The opposite pole of social reproduction is found in the prison system, where individuals are actively being made useless. The prison is no longer meant to be a place to rehabilitate individuals, but a dead end in which the individual’s nullity in everyday life comes to its logical conclusion. As jobs become scarce, foreclosed homes are left unoccupied, and the prisons become the only place in which the growing number of people without a tenable capacity to produce value can be safely placed. It is this devaluation of living labor—“the crisis of a period in which capitalism no longer needs us as workers”—which underlies the crises of the prison, the university, and so much more. Socially condemned individuals are to simply to be warehoused and contained at all costs, healthcare be damned. Imprisonment is exclusion taking total form, one which marks even those who depart from its walls, still to be denied inclusion in the legitimate economy through the loss of employment, education and housing. (Much like immigrants who are finding themselves increasingly imprisoned and deported.) The prison as a form of mass containment and social control originated as the debtors’ prison; we still speak of prisoners “paying their debt to society.” Now students and workers are facing more debt than ever before: our whole society is a debtors’ prison. Meanwhile, the extension of parole regimes, house arrest, and generalized surveillance may be another means not just of reducing the cost of prisons, but bringing them into ever closer convergence with the rest of daily life (or rather, vice versa).

The unity we are calling for in the struggle against the privatization of both schools and prisons, and toward their abolition along with all other structures of capitalist society, is not based on some spurious identification between the student and the prisoner. We realize they occupy very different, again, almost opposite places in the social sphere. What we have in common is our becoming increasingly useless to capitalist production; the increasing uselessness of any given person, who might be given a wheel to spin if they show sufficient obedience, and thrown in a cell if not. In either case, to spend our days in a bloodless, alienated, increasingly solitary and disconnected form of life. It is the growing mass of useless people who, during capitalism’s mounting crises—so it’s said—become the proletariat, the class-for-itself that is forced, in order to defend its interests, to destroy the capitalist economic mode. In other words, when the opposite poles meet is when the whole thing collapses: when we confront these kinds of divide-and-conquer tactics, not just through analysis, but by articulating through action where our loyalties lie—not with the system that reduces everyone to functions and lists of numbers, but with all whose lives are reduced and controlled by it. It is through the decomposition of our assigned roles, and the structures that enforce them on us, that we become worthy of and dangerous in such a struggle. By means of strike, blockade, looting, occupation, and riot, we will make this crisis the last.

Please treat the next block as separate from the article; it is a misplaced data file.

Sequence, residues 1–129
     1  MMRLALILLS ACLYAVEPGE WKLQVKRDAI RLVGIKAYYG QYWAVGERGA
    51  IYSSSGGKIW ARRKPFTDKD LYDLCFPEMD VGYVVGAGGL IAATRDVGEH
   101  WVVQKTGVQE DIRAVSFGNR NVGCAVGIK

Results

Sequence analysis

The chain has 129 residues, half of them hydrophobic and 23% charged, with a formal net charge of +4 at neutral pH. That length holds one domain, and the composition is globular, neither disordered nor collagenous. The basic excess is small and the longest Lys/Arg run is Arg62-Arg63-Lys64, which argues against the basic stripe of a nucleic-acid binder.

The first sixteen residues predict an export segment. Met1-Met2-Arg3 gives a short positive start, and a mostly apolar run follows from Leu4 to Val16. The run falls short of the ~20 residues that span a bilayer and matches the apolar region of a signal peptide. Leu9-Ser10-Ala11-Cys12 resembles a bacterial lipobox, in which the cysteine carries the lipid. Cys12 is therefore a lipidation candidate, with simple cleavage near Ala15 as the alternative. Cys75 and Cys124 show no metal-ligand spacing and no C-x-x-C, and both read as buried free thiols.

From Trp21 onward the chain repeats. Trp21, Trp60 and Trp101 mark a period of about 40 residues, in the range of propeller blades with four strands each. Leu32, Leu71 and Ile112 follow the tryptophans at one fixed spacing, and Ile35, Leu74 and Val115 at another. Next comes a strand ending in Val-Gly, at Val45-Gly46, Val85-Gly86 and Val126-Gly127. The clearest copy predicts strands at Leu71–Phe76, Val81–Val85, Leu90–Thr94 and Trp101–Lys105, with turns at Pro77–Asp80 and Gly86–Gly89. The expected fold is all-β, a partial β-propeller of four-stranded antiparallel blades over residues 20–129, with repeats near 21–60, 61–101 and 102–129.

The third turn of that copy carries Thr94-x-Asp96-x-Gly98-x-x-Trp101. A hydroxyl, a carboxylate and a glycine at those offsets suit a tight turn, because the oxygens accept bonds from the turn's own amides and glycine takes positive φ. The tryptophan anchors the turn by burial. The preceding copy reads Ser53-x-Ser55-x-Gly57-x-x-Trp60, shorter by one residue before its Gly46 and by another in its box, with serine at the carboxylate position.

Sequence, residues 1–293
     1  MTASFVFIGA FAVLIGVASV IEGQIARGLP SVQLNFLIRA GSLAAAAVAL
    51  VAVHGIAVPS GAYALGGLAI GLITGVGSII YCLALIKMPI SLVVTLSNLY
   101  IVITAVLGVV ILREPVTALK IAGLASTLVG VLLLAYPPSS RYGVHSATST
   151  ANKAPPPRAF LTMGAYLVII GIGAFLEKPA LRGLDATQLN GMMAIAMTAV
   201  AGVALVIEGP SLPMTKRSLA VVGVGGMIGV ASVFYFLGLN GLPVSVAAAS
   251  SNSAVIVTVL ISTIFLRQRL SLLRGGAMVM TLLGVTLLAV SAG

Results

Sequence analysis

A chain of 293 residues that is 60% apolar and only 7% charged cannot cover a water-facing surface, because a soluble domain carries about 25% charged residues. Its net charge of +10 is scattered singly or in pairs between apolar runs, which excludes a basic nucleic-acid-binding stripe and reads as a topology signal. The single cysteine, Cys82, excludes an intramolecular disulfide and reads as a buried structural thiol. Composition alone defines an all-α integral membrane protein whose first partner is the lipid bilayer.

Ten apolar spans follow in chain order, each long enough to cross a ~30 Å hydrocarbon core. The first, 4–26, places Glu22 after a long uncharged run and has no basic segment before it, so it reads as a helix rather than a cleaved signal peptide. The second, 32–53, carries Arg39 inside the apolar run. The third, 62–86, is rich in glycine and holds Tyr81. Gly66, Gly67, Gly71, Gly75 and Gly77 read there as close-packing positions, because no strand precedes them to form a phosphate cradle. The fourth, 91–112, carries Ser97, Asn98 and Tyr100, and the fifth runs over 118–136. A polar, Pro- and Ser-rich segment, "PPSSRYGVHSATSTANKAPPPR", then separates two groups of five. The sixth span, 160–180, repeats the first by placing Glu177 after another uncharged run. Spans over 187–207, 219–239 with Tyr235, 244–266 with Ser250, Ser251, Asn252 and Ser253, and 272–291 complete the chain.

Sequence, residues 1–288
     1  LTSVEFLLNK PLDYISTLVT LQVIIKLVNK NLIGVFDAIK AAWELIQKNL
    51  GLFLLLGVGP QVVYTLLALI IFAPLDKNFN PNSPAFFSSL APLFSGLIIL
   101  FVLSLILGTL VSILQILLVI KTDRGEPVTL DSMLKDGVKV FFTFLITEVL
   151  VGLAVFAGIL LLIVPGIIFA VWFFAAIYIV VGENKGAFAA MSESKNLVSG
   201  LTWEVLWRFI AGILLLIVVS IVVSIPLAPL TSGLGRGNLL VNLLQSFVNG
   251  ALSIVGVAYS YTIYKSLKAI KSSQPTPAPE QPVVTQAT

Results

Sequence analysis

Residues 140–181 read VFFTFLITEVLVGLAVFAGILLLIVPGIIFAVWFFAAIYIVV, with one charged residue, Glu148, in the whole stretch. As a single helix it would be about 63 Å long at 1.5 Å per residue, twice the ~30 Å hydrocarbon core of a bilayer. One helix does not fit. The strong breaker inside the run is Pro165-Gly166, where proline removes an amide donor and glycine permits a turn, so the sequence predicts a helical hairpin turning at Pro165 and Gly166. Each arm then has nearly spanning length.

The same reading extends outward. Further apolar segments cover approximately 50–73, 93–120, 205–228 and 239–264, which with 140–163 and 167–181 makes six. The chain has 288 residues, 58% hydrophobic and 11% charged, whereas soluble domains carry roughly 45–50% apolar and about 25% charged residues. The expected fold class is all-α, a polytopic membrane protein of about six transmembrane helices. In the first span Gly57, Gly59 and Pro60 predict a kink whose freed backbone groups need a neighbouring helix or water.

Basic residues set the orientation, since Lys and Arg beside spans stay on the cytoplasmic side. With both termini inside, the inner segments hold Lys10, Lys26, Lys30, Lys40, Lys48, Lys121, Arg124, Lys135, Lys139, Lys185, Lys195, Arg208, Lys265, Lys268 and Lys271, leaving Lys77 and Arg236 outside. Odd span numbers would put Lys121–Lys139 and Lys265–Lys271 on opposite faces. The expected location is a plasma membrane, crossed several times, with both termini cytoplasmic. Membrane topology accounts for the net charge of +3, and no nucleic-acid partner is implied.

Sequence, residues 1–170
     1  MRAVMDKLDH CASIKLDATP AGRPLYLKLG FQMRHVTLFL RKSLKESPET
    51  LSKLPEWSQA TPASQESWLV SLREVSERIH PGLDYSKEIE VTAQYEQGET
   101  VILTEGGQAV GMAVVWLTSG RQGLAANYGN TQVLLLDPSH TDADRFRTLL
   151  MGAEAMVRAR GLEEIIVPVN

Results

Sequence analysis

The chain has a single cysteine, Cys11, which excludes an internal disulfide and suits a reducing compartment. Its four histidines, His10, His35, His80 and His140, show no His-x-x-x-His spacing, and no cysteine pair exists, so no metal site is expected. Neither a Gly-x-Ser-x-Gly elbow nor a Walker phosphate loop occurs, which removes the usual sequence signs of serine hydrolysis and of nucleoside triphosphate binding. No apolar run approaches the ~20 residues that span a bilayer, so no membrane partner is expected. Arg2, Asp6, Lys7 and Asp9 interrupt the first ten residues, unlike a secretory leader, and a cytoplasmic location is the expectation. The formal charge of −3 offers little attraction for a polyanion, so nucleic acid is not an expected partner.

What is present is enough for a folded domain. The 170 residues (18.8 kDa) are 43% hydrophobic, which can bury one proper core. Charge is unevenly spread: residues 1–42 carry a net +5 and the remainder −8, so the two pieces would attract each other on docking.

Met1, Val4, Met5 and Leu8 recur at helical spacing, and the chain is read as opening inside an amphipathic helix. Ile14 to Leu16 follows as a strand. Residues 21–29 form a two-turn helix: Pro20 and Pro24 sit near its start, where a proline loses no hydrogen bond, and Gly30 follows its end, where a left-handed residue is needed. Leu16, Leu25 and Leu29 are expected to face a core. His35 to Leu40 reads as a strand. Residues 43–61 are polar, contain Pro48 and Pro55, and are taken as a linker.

For collective action against all capitalist social institutions!